Noted African-American author James Baldwin once wrote: “We’ve got to be as clear-headed about human beings as possible because we are still each other’s only hope.”
Last week, I shared a few of my thoughts about recent events around the country with the faculty and staff. I wanted to take this opportunity in the Bobcat Newsletter to share these same thoughts with you.
“While the issue of racism is a constant thread that runs throughout our nation’s history, the recent peaceful protests and unfortunate violent reactions and responses surrounding the regrettable death of George Floyd have brought much-needed attention to the topic.
Educators have a responsibility to both be informed ourselves and, in return, to impart this knowledge to our students. Racism is a learned belief and action, and our efforts in the classroom can be useful tools for students learning both how to support people of all colors and backgrounds and how to understand them more deeply.
Though the closures of our school and the lack of face to face contact make connections with our students more problematic, it remains vitally important that we work with them whenever and however possible to develop their empathy and understanding for others. I do not doubt that you do this as part of your everyday teaching and are continuing to find ways to do so even in these waning days of the current school year. The link below is from one of our fellow NWAIS schools and provides a plethora of materials and resources for all ages. I hope you find it useful.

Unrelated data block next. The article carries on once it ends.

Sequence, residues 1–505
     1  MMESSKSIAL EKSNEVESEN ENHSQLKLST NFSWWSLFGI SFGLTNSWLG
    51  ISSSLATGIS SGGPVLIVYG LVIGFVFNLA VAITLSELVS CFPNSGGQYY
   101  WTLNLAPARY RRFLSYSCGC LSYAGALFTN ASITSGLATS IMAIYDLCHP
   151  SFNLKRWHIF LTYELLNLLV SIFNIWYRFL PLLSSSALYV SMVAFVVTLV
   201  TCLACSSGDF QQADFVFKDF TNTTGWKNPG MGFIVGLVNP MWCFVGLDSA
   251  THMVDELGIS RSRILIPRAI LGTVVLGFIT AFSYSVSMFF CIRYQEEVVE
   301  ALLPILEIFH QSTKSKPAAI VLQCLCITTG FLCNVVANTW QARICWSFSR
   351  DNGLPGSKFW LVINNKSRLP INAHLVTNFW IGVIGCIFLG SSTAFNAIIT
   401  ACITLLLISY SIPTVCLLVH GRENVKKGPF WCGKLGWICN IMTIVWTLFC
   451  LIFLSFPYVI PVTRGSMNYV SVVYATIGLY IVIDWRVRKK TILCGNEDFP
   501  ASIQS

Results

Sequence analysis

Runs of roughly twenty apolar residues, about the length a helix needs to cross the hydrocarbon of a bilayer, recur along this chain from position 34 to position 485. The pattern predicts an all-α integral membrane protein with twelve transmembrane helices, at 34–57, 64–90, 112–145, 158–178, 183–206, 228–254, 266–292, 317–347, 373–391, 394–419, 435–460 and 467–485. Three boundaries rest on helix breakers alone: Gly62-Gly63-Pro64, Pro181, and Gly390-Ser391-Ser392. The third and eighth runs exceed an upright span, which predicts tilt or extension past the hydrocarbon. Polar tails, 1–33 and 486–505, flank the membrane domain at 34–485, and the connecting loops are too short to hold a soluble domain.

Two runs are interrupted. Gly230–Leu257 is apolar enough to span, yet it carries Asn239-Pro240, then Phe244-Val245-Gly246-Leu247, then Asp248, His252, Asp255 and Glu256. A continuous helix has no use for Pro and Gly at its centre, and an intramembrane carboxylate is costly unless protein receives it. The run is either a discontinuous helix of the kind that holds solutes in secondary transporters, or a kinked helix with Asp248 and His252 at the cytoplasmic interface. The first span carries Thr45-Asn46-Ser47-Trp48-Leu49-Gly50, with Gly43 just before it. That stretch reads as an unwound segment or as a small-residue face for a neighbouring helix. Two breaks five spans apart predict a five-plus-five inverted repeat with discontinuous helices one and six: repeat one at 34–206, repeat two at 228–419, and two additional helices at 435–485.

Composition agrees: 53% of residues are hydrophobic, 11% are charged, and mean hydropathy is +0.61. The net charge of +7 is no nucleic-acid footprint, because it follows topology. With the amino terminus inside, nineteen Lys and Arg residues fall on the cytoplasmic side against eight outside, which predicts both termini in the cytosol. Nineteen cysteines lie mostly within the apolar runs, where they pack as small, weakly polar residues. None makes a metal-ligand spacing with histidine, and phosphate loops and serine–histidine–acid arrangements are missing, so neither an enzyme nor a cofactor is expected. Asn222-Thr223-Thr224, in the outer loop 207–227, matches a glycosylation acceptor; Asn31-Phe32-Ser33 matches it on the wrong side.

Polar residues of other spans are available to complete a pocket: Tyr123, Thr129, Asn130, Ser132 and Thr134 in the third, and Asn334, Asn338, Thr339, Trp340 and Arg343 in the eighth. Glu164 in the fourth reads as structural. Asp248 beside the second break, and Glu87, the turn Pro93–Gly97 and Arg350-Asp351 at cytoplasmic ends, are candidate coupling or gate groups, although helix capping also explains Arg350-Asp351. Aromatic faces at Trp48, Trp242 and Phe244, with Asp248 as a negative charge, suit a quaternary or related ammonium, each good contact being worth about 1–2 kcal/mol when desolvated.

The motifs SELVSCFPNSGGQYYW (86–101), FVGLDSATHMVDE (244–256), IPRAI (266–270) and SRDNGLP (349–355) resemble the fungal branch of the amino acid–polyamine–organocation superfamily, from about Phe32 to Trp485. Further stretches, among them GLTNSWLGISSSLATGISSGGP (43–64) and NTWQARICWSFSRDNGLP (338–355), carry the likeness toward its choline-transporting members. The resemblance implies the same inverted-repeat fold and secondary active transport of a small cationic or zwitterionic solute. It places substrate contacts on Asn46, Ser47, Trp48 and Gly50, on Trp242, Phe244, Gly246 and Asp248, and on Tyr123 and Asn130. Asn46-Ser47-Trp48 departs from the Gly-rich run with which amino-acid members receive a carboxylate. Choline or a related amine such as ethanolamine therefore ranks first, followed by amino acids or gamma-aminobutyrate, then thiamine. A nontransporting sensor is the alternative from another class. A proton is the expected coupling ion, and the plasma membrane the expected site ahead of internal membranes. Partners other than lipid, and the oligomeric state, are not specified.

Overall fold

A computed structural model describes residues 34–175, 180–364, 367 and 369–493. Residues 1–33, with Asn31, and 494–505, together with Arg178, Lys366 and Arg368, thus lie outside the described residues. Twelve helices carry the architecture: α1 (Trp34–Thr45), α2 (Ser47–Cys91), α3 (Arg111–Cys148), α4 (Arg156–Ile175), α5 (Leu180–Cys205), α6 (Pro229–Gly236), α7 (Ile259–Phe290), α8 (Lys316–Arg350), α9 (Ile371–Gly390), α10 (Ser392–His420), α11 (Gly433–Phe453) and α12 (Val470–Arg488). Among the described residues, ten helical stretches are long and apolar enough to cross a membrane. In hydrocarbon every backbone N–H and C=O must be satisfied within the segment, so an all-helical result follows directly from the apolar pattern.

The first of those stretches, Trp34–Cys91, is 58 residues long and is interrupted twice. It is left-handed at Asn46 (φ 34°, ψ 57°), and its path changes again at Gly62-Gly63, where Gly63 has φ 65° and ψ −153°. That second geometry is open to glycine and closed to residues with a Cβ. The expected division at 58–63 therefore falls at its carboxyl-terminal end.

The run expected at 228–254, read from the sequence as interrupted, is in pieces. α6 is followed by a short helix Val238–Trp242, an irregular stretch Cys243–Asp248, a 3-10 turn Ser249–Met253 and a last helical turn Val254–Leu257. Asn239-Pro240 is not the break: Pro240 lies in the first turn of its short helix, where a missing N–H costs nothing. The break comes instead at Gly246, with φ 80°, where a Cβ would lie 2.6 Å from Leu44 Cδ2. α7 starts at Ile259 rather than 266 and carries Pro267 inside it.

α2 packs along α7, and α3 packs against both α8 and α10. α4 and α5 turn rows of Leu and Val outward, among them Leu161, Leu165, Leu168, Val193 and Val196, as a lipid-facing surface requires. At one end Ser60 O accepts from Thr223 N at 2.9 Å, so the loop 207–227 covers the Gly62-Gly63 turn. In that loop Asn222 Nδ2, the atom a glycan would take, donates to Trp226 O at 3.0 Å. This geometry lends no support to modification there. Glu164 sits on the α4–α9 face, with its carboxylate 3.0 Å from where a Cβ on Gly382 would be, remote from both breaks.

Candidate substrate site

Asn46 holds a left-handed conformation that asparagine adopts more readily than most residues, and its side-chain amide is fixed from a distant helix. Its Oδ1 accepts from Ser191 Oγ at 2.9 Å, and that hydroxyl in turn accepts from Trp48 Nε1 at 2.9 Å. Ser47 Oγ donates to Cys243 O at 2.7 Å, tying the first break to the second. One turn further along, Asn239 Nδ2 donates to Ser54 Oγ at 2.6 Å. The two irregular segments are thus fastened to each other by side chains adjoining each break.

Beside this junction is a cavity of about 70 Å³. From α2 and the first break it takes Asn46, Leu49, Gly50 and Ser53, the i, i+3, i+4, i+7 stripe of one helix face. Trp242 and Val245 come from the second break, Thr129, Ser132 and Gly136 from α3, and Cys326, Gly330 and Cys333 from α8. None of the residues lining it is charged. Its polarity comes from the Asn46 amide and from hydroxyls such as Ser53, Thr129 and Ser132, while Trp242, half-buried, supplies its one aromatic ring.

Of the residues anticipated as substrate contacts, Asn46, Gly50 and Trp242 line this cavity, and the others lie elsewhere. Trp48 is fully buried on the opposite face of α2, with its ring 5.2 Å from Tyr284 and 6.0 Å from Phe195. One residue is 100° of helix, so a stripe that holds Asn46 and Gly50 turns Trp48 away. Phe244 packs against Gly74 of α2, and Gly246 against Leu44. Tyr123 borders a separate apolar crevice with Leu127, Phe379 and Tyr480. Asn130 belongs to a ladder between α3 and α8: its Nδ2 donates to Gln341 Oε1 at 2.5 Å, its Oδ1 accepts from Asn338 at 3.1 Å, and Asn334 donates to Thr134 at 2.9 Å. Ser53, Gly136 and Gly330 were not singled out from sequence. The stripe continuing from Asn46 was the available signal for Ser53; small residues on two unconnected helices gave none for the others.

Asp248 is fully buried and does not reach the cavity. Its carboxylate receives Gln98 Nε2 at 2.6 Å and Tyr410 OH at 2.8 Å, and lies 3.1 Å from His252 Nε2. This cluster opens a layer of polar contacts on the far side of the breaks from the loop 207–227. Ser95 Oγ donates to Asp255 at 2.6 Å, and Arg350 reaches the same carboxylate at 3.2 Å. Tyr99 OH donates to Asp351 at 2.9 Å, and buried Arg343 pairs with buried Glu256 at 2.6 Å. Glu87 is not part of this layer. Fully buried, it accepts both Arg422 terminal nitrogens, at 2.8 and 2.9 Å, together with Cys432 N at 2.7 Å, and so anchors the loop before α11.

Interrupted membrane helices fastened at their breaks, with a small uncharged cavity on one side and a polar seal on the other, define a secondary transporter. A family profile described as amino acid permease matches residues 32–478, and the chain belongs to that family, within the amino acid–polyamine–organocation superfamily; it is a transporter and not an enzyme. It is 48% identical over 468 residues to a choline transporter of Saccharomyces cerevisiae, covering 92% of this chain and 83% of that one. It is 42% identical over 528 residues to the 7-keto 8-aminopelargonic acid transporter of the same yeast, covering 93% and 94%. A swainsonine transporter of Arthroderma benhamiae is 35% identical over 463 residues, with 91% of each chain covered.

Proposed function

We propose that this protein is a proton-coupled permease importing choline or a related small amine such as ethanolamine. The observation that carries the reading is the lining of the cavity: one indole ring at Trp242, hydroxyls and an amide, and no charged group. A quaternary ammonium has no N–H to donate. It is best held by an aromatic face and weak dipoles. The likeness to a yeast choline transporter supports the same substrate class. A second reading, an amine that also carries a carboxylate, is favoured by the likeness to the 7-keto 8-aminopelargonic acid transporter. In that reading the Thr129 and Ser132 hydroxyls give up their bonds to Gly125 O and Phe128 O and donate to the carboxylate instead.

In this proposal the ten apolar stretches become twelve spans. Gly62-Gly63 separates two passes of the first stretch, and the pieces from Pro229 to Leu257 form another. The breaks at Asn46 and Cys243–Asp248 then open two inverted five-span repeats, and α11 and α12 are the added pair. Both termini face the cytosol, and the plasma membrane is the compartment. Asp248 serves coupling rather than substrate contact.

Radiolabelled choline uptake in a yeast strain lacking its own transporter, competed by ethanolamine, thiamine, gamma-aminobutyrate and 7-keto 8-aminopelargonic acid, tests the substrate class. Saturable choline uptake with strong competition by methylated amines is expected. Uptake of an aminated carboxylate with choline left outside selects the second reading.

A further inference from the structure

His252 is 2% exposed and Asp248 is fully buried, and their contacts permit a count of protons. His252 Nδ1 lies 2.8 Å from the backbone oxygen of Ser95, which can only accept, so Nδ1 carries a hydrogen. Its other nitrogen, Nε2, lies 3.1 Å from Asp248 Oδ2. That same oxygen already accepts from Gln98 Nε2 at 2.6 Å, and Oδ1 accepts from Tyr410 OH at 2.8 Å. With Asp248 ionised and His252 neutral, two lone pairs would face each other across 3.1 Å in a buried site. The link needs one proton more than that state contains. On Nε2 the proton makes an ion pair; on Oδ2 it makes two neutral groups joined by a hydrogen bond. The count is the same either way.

Throughout the summer, I hope to continue the discussion with you regarding how we can be better role models and teachers for our students in the area of diversity and inclusion. Also, the Board of Trustee’s Diversity and Inclusion Task Force will assist us in supporting this endeavor in new and significant ways in the coming school year.
It is difficult to imagine more trying times to be a teacher than today. At the same time, these are teachable moments for all of us and our students. Who better to take the lead in these efforts than all of us? Thank you for all that you do for our students and the Lake Tahoe School community.”
Finally, last week, Mark Crotty, Executive Director of NWAIS, shared his take on our role as educators: “We need leaders who help and heal. Especially in our schools. I contend young people are inherent idealists . . . until failed by adults. Kindle that spirit in them. Have these essential conversations. Help them make sense of what’s raging around us. Equip them with the skills and imbue them with the most basic values and with love. Celebrate the unique gifts of each special individual. Empower them to believe they can make things better. They need you, and the world needs them.”
Whether an educator or parent, Mark’s words ring true. The responsibility to educate and to nurture our children is ours and ours alone. James Baldwin was right as well; we are each other’s only hope. Together, we can raise children of resilience, empathy, and understanding – children who can and indeed will make things better for all of us.